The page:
Burt Reynolds did not feel secure in his manhood without confirmation from his father. Are you still waiting for yours?
When I bought my VMax motorcycle I was talking with my daughter, Ariel, about naming it and I came up with “Sharky’s Machine.” As Ariel and I enjoy watching the San Jose Sharks together, along with the motorcycle being teal, it kind of fit. The name “Sharky’s Machine” is actually from an 80s action film starring Burt Reynolds. It’s a typical guy film with a tough as nails cop and lots of bullets and a few explosions. It also features one of the coolest stunts ever as a bad guy gets shot and falls through a high rise window.
At one time, Burt Reynolds was the biggest box office draw in the world. His hit movies include Smokey And The Bandit, The Longest Yard, and Gator. He has fame, fortune, the affection of glamorous women, and was a star high school athlete. He was considered the cool guy, laughing at authority, making his own rules and carving out his own path. In many respects, he is the world’s definition of a man’s man. He has had all the world has to offer.
I denied myself nothing my eyes desired;
I refused my heart no pleasure.
My heart took delight in all my labor,
and this was the reward for all my toil.
Yet when I surveyed all that my hands had done
and what I had toiled to achieve,
everything was meaningless, a chasing after the wind;
nothing was gained under the sun.
Yet somehow, having all the world had to offer didn’t fill the void.
My dad was the chief of police, and when he came into the room all the light and air went out. There’s a saying in the south —no man is a man until his dad tells him he is. It means that someday when you’re 30 or 40, grown up, this man whom you respect and love and you want to love, you hope he’ll put his arms around you and tell you, “You’re a man now, and you don’t have to do all those crazy things you’re doing and get into fistfights and all that to defend your honor. You don’t have to prove anything to me. You’re a man and I love you.” But my dad and me, we never hugged and never kissed and we never said “I love you.” No we never even cried together. So what happened was later, I was desperately looking for someone who would say, “Burt you’re all grown up now, and I approve of you, I love you, you don’t have to do those things anymore.” But that didn’t happen and I was lost inside. For most of my life, I couldn’t connect—I was incomplete; and I didn’t know then what I needed to know.
—Burt Reynolds in Parade Magazine
I’ve spent a lot of time mulling over this quote.
One thing that stands out is how desperately he needs his father’s love, acceptance and validation. Sadly, like most of us it never happened. Even worse, it seems that his dad was an intimidating presence. I wonder, what if my children were to think that of me, that when they were growing up, when I entered a room I sucked the air out?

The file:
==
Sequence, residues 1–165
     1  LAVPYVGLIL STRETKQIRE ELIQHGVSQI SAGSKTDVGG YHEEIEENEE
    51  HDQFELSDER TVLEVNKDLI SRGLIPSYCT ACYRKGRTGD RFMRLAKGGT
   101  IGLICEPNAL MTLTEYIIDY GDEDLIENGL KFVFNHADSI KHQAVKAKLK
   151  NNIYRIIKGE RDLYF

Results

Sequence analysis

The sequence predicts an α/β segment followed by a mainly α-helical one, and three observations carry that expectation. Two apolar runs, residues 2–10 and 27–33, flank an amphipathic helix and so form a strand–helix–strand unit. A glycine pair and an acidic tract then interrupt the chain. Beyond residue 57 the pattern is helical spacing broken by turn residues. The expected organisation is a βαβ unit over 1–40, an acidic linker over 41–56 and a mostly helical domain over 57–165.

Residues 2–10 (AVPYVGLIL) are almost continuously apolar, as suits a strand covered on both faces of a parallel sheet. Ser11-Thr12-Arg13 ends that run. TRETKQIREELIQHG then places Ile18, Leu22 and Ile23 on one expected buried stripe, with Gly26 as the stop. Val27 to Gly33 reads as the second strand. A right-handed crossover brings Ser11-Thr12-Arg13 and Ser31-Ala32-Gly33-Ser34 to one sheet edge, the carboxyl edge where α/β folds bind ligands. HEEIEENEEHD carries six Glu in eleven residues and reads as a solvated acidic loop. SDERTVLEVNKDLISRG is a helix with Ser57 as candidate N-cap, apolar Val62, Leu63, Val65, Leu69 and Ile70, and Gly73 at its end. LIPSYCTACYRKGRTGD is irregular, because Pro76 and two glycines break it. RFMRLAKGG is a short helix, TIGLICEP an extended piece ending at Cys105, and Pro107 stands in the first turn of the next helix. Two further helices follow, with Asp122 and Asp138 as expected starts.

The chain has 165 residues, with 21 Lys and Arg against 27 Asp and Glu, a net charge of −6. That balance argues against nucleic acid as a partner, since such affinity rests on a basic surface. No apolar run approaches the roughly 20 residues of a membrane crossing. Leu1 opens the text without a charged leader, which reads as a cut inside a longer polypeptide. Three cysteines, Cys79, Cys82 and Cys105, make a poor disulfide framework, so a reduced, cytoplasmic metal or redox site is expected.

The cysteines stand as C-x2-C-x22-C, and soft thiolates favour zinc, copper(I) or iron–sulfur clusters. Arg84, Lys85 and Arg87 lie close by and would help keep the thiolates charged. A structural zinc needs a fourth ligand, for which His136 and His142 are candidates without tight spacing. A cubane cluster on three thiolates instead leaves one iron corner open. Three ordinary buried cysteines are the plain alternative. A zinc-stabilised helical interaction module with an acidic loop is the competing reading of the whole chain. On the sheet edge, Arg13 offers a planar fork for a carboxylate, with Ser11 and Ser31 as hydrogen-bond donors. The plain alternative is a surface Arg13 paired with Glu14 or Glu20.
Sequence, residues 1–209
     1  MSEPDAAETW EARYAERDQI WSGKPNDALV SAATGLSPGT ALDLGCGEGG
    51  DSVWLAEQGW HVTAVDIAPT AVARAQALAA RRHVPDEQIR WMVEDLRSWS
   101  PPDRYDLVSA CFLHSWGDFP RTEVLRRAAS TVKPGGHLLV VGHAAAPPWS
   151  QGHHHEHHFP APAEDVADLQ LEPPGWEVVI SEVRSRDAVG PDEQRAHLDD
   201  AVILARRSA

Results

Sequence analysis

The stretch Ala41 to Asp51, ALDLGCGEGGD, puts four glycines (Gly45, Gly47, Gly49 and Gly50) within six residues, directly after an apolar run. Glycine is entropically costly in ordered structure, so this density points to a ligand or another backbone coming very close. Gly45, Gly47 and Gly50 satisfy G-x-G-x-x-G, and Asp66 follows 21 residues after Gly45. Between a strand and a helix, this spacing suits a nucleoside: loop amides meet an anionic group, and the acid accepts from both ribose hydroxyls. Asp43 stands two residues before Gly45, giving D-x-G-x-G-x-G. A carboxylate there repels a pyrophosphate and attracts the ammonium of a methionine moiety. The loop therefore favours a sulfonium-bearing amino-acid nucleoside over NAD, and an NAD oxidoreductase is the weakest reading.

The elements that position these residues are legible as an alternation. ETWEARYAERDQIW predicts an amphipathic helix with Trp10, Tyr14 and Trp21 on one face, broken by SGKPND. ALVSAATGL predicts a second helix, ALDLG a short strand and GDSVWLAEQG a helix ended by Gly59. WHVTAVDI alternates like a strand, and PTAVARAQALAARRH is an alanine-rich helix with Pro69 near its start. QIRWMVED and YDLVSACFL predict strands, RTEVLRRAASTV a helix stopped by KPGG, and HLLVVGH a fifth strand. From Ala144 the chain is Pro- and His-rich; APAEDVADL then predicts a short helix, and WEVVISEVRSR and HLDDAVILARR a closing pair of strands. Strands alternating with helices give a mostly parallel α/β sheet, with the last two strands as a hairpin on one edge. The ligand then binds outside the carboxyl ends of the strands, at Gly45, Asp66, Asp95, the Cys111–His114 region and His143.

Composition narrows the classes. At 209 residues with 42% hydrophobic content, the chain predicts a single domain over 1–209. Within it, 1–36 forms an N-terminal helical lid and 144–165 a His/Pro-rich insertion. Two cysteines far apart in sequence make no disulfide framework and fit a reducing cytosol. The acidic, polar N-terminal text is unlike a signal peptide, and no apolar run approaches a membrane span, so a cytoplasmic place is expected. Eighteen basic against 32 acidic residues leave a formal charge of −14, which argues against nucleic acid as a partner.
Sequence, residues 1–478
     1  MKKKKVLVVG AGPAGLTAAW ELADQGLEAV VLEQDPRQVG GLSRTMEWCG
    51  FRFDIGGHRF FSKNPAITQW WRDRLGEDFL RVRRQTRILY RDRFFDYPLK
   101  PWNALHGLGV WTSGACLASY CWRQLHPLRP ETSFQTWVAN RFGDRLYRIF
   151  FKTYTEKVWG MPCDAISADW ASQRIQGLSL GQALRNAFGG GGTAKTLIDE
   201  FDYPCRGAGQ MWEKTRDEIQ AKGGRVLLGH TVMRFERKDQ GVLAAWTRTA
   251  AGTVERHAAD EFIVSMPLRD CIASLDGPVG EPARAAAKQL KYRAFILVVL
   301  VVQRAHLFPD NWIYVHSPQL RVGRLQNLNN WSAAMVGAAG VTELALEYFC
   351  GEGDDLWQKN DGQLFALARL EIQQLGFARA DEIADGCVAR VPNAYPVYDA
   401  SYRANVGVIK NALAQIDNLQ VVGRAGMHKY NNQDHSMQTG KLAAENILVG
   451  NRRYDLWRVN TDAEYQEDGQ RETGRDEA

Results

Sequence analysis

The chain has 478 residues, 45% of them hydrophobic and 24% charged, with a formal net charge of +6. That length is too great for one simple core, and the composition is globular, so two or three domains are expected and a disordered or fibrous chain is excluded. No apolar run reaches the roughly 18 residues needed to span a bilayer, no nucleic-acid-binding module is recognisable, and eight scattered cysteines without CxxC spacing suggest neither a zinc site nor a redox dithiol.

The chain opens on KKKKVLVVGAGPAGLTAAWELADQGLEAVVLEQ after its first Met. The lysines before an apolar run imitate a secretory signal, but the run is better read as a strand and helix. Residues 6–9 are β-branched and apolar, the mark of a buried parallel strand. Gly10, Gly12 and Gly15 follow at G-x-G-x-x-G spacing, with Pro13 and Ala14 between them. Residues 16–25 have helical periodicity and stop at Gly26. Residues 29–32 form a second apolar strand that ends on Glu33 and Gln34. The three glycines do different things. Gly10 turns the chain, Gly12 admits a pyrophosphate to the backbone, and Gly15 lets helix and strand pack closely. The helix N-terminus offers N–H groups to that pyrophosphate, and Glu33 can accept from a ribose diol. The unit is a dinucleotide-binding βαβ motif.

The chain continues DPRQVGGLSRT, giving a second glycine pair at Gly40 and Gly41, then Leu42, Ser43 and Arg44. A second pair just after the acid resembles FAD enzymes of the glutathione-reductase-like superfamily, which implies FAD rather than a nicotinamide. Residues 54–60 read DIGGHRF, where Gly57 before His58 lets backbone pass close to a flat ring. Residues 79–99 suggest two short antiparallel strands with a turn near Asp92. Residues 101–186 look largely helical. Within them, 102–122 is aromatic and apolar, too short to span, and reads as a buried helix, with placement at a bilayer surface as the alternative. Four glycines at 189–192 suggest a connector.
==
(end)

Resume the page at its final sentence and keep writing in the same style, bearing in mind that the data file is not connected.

We have been empowered by God to give masculine love and validation to our children. Yet our culture almost mocks the concept of rites of passage: the importance of hearing words like those that Burt Reynolds longed to hear from his father. I know that I wish that somewhere along the way someone had given me the consistent validation and masculine love I so desperately needed.
My son-in-law has served in the military, including a tour in Iraq, graduated college and won the heart of my most precious daughter. Despite all of that, it was obvious to me that he had not received that validation from a man in his life. The night before the wedding I gave him my own awkwardly presented but heartfelt and truthful personal validation. I told him that I was proud of him; that I would accept him, love him and treat him as my own adult son; and I told him that in my eyes he is a man. We hugged. At the wedding, before giving him Ariel’s hand, I told him again that I’m proud of him. This is all so true. He is a good man and a man worthy of God’s love. My continual prayer is that he daily becomes more and more confident of those facts.
Reynolds wanted his dad to say “grow up and start acting like a man and that you don’t have to prove anything to me.” It’s sad to see so many men who are desperately seeking that validation of their manhood. Having mocked the old ways of passing on this identity to the next generation, they flounder, seeking self glorification like what they see going on the music industry, on the playing field and on the political platform. There are so many men who are still living like boys: consumed by their Xbox, cable TV, hobbies, and sports.
I’m definitely not against personal pursuits, but how all consuming they can become: basically addictions to the alternatives to real acceptance by men we respect and who love us. We so desperately need someone to tell us the truth: that we are men, that as men we are called to step up and live beyond our own pleasures; that we are committed to the well being and protection of others.
Another lesson I have learned from considering Burt Reynolds is that we need to show our vulnerable emotions. I know I have a lot of growth to do in this area. Tragically, our society has so narrowly defined what a man is—Jayson Gaddis calls it the The Man Box—that any emotion beyond anger is weak and feminine. For boys, showing emotion invites ridicule. We learn to stuff our emotions down, and become incomplete and detached.
We so desperately need dads who are willing to cry, hug, kiss and show genuine emotion. It is a long journey for most men to get there, but my prayer is that we can get there. Our wives, children and our world needs us to be more integrated intellectually and emotionally.
—Feature photo of Burt Reynolds credit: Alan Light/Flickr; photo of couple marrying courtesy of the author; image from the Sharky’s Machine soundtrack by fair use